Million-Year-Old Tools Made By Ancient Humans Found In Abandoned Goldmine In Sahara

In the 2021 archaeology discovery, hundreds of tools made out of stones approximately a million years ago were discovered in a gold mine in the Sahara desert. It is suggested that the tools belong to Homo erectus, who inhabited the eastern part of the Sahara desert 700,000 years ago. The treasure of hominid artifacts was found in northeastern Sudan by the miners.

Homo erectus (meaning “upright man”) is an extinct species of ancient human that lived throughout the Pleistocene. The earliest evidence of this species dates back around 2 million years. According to research conducted on the fossils that have been preserved, the species had stride and body proportions similar to those of modern humans. It was also the first human species to have a flat face, prominent nose, and potentially scant body hair coverage.

A gold rush in the eastern part of the Sahara Desert led to numerous open-pit mines being dug out in the desert in the hope of finding the precious ore. Archaeologists have been able to study previously uncovered layers during a mining process. These layers contained large tools with a cutting edge that was transverse to the blade, as well as almond-shaped cleaver tools with chamfered edges on both sides, which formed a pointed tip at the junction. (Source)

The discovery of related flakes created during their fabrication leads archaeologists to assume that the site was a workshop for the manufacture of stone tools. Layers of earth and sand directly above the tools were studied with optically stimulated luminescence (OSL), which dated the earthen-sand layer to roughly 390,000 years old.

Professor Mirosław Masojć from the Institute of Archaeology of the University of Wrocław said: “This means that the layers below are certainly older. Based on the style of workmanship of the tools, I believe that they may be over 700,000 years old, and perhaps even a million years old – similar to their counterparts in South Africa.”

The researchers suggest that the site is the oldest known example of tool manufacturing within the regions of Egypt and Sudan that has a well-confirmed chronology. They have been saying this since the site was discovered in Egypt. “Ancient tools are found in deserts, but never before have they come from layers that we can safely determine their age,” Masojć said.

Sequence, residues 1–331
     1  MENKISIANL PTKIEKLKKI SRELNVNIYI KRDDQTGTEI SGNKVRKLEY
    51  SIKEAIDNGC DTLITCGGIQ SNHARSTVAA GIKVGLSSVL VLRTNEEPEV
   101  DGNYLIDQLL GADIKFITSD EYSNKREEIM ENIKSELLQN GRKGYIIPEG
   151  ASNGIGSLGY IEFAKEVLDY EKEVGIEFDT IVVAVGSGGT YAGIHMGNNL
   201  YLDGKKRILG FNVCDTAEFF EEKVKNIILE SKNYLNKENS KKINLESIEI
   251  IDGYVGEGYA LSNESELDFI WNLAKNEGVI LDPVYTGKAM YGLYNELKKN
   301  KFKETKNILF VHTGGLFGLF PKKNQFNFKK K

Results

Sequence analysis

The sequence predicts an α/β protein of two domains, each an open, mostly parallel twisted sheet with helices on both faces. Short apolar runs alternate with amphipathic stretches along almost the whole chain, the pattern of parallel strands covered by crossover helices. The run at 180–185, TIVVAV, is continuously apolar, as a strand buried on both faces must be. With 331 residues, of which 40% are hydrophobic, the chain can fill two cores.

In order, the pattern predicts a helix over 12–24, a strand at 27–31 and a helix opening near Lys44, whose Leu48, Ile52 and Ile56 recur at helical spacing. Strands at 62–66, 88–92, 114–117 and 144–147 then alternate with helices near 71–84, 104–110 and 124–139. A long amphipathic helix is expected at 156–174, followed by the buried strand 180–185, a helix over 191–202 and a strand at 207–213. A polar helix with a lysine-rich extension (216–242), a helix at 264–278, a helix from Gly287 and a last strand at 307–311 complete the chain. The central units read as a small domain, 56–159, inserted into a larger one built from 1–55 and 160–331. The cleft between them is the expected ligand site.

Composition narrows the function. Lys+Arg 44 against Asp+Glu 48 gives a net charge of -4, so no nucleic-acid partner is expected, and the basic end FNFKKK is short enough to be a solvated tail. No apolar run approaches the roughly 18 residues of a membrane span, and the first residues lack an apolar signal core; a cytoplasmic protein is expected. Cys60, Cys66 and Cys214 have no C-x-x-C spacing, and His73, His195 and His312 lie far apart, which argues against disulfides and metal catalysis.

Impact trenches found within the mine provide evidence that the site was also used for the processing of commodities such as bone and wood. Approximately 200 sites in the region have yielded artifacts used by both Homo erectus and Homo sapiens during the Paleolithic period. The oldest dates back 500,000 years, while the most recent are around 60,000 years old.

In 2020, researchers found the skulls of two Homo erectus along with a variety of stone tools with different levels of complexity at a site in Ethiopia, which shed light on how early humans used tools. In the fields of paleoanthropology and archaeology, stone tools are classified according to their complexity and the time period in which they were used. (Source)

Oldowan (or Mode I) tools, mainly stones with a few flakes chipped off, date back over 2.5 million years. Acheulean (Mode II) tools followed around 1.7 million years ago. These include hand-shaped stones like prehistoric hand axes. Although there is disagreement among experts, some scholars have previously asserted that Homo erectus invented Mode II tools.

The study published in Science Journal supports the idea that Homo erectus in Africa invented Mode II tools, indicating they used both Mode I and Mode II technologies concurrently over hundreds of thousands of years. Homo erectus, first discovered in Indonesia in the 1890s, has since been discovered at other sites in Eurasia and Africa and lived from around 1.8 to 0.3 million years ago.

After analyzing the two recently discovered Homo erectus skulls from Ethiopia, Michael Rogers, one of the authors of the study from Southern Connecticut State University suggested that some populations of Homo erectus made Mode I stone tools extensively and sometimes exclusively, depending on the need, availability of stone, and local traditions. Furthermore, the findings suggest that there was not a simple replacement of Mode I tools by Mode II technology once Homo erectus appeared on the scene, which is what many experts had thought.

About Homo Erectus:
Homo erectus, which originated in Africa about 2 million years ago, was the earliest human species to truly migrated around the globe. Migration records show that they arrived in Georgia, Sri Lanka, China, and Indonesia after leaving Africa. They stood between around five and six feet tall and shared a similar body type with modern humans.

They are regarded to have been a crucial evolutionary step in the evolution of homo sapiens despite having a smaller brain and heavier brow than modern humans. Recent estimates reveal Homo erectus went extinct only 140,000 years ago, although it was previously thought they disappeared approximately 400,000 years ago. Some believe that they were the ancestors of extinct human species like Homo heidelbergensis and Homo antecessor.



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